3-M Syndrome: Causes, Symptoms, Treatment

What is 3-M Syndrome?

3-M Syndrome is a very rare congenital pathological condition which is characterized by extremely low birth weight of the infant, extremely short stature, craniofacial abnormalities, and certain skeletal abnormalities.

A child with 3-M Syndrome will have an abnormally long and narrow head and frontal bossing with an extremely prominent forehead. He or she will have a triangular shaped face and abnormally large ears.

Additionally, infants with 3-M Syndrome will also have abnormal teeth where they will be crowded abnormally and the upper and lower teeth may not meet normally.

Infants with 3-M Syndrome will also have certain skeletal abnormalities with extremely thin bones especially of the arms and legs, abnormal bones of the spinal column.

The extent of the physical features are extremely variable and may range from moderate to severe and differ from individual to individual in most of the cases of 3-M Syndrome.

This condition follows an autosomal recessive trait meaning that two copies of the faulty gene with one copy from each parent are required for the child to develop 3-M Syndrome.

What Are The Causes of 3-M Syndrome?

As stated, 3-M Syndrome follows an autosomal recessive trait and the defective gene is inherited from both the parents. The genes believed to be responsible for 3-M Syndrome are the CUL7, OBSL1, and CCDC8 genes. Abnormality in any of these three genes may result in development of 3-M Syndrome.

Some studies have suggested that there are other genes also responsible for the development of this condition and hence researchers believe that not all the patients will have mutations in these three genes if they have 3-M Syndrome.

What Are The Symptoms of 3-M Syndrome?

In majority of the cases, children with 3-M Syndrome will be extremely short in stature. They will have an abnormally low birth weight even though they may not be preterm babies.

Additionally, infants with 3-M Syndrome will have abnormally long and narrow head as a result of premature closure of the fibrous joints between the bones in the skull. Frontal bossing is also one of the presenting features of 3-M Syndrome along with a triangular shaped face.

Large set ears, widely spread lips, and the upper and lower teeth which do not meet together are some of the other features of 3-M Syndrome. In addition, infants with 3-M Syndrome will have abnormally short neck and wide shoulders. Scapular winging is also one of the classic presenting features of 3-M Syndrome.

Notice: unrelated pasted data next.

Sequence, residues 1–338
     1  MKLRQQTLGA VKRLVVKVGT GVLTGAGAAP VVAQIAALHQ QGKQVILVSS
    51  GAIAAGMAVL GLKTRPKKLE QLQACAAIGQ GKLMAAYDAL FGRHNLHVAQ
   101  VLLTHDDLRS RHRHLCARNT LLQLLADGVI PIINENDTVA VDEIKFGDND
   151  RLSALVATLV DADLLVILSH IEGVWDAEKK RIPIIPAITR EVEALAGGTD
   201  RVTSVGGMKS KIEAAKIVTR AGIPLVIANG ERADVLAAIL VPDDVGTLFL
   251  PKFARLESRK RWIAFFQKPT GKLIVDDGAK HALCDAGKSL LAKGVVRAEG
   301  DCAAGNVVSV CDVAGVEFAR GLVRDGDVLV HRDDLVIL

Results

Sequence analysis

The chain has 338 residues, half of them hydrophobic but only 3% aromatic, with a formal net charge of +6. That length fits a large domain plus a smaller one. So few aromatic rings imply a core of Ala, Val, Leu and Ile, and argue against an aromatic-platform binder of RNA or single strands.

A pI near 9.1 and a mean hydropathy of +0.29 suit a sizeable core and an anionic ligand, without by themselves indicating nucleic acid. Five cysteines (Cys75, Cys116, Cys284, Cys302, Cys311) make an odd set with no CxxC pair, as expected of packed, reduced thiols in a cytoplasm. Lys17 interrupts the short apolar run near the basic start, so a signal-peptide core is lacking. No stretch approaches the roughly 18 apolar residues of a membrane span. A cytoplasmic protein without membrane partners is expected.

How is 3-M Syndrome Diagnosed?

In some cases if an ultrasound is conducted prenatally, some of the features of 3-M Syndrome such as growth retardation may be visible and the physician may be able to detect that the child to be born has 3-M Syndrome.

In majority of the cases, 3-M Syndrome is diagnosed shortly after the birth of the child by looking at the extremely low birth weight along with the characteristic features of long and narrow head and broad shoulders.

A thorough clinical evaluation may also be performed to check for any abnormalities that are specific for a condition like 3-M Syndrome. Advanced radiological studies in the form of CT and MRI scan of the brain and other vital structures may clearly show abnormalities within the skull resulting in abnormally long and narrow head which are classic findings for 3-M Syndrome.

Additionally, genetic testing may be done which will clearly show mutation in at least one of the three genes which are the CUL7, OBSL1 or CCDC8 which will confirm the diagnosis of 3-M Syndrome.

How is 3-M Syndrome Treated?

The mainstay of treatment for 3-M Syndrome is purely supportive and symptomatic. This requires a multidisciplinary effort from a team of specialists to include pediatricians, neurologists, neurosurgeons, and orthopedists to evaluate and formulate a treatment plan best suited for the patient. Surgery may be done to correct some of the skeletal and craniofacial abnormalities. Oral surgery may be required to correct the deformities of the teeth associated with 3-M Syndrome.

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